Let the studying begin!
The Indiana General Assembly's Legislative Council has assigned topics for lawmakers to study during the 2021 legislative interim.
This is often called summer study committees, although they sometimes don't start until the fall.
“Study committees provide an important opportunity for lawmakers to examine complicated issues in depth without the time restrictions we face during a legislative session,” Senate President Pro Tem Rodric Bray said. “As such, they serve an important role in helping us prepare for the next session. I look forward to productive conversations between lawmakers, Hoosiers and stakeholders as we take a hard look at these issues in the coming months.”
House and Senate leaders are now assigning members to each study committee.
The committees hear from stakeholders and submit a report but rarely recommend substantive change.
This year's topics include:
• The capacity of the public defender system to provide counsel and the impact of providing counsel on jail overcrowding
• Juvenile sentencing to life in prison without parole
• K-12 racial achievement gaps
• Unemployment programs for workers with short-term contacts, freelancers and independent contractors
• Affordable housing and “missing middle” housing in Indiana
• Establishment and preservation of an independent State Board of Accounts.
Bayh, Coats take new roles at IU
Two former Hoosier politicians have new roles at Indiana University.
Evan Bayh, a former U.S. senator and Indiana governor, will join the Paul H. O'Neill School of Public and Environmental Affairs as a distinguished scholar and executive at large.
Dan Coats, former director of national intelligence and U.S. senator, will join the Hamilton Lugar School of Global and International Studies, serving as a distinguished scholar and ambassador at large.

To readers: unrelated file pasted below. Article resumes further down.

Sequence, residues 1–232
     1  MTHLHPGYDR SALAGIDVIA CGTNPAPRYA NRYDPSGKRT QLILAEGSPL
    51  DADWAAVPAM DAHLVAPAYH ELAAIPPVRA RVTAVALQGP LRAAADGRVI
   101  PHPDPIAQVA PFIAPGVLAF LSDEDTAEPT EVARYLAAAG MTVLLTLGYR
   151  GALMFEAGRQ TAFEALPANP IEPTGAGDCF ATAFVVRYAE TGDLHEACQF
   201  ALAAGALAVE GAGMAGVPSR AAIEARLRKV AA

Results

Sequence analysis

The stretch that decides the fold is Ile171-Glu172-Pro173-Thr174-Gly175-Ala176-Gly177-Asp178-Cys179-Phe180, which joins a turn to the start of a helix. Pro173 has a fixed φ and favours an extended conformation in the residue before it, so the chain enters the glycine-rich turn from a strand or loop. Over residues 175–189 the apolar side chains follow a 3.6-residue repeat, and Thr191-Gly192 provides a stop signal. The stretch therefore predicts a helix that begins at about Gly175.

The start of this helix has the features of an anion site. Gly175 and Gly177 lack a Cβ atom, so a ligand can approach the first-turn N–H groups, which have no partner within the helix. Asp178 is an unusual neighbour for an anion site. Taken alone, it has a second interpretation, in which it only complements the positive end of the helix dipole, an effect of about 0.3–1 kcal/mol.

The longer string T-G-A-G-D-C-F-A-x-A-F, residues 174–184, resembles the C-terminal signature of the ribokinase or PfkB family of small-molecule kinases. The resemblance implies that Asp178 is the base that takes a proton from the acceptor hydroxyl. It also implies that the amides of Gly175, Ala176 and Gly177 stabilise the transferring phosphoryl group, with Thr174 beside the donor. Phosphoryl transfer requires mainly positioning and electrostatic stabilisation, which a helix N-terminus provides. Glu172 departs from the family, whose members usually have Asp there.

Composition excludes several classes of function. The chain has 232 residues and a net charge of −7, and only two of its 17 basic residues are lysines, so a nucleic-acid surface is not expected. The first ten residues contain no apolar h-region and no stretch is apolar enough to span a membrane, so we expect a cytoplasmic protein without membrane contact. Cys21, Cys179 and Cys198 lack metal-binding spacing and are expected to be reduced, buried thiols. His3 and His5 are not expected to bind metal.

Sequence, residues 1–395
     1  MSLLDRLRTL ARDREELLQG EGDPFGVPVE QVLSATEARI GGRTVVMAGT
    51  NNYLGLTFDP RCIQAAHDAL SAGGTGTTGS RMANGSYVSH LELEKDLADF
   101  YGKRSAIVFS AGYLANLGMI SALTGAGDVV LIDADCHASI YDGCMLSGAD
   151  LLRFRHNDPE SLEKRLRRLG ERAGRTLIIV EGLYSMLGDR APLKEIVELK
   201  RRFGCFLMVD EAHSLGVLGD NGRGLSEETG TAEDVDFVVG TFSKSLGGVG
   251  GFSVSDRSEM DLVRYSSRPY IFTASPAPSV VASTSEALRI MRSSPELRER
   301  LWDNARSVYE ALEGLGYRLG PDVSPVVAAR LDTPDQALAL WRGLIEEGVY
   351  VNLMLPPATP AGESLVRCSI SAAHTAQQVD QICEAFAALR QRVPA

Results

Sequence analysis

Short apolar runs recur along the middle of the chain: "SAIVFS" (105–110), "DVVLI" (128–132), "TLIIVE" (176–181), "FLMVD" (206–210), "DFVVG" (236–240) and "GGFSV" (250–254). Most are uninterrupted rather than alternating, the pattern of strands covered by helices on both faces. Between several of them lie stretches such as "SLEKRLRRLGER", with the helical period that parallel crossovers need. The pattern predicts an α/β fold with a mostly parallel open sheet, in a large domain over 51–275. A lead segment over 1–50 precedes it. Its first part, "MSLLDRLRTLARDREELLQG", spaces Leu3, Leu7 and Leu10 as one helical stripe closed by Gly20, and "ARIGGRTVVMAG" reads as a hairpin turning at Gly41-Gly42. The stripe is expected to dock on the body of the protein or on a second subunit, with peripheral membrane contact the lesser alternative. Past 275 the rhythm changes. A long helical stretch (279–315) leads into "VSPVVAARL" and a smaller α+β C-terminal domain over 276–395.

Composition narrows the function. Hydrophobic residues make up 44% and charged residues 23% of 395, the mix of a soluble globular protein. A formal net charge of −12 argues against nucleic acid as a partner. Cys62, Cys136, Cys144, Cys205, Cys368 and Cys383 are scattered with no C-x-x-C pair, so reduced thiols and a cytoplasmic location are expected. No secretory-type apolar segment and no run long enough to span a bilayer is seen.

IU President Michael McRobbie described the former senators as two of IU's most renowned alumni and among the nation's most accomplished public servants.
“Both have had lengthy and productive careers in the public sector, and both have served as bipartisan leaders at the highest levels of government, where they have consistently championed the causes of education, civic responsibility, community service and global engagement,” McRobbie said in a statement.
“Both also remain highly influential voices on the most critical issues facing our nation and our world and, as such, will further enhance IU's mission to educate the next generation of leaders to confront our most pressing challenges.”
Council vote split on appointment
City Councilwoman Michelle Chambers, D-at large, came to this week's meeting ready to change the status quo when it comes to board appointments.
For a seat on the Internal Audit Committee, Jason Arp, R-4th, quickly nominated Mark Oetting, who has held the seat for a few terms. He pointed out that Oetting has done a good job and has put a lot of effort into researching the issues.
Chambers then nominated someone else – Michael Sylvester, a local CPA who hasn't served on any City Council committees. Chambers said she thinks it is important to consider others who have interest in serving the community.
She then spoke more broadly to point out that many of the boards and commissions around the city are filled with people who end up serving for decades. The council ultimately voted 5-4 to appoint Sylvester. Tom Didier, R-3rd, voted for Sylvester along with the Democratic members.
Didier said he agreed with Chambers and knows Sylvester, recalling him coming to some past council meetings to speak up.
There was a second seat open for the Internal Audit Committee. Oetting was the only person nominated for that seat, so he will fill that position.
Ashley Sloboda and Devan Filchak of The Journal Gazette contributed to this column.
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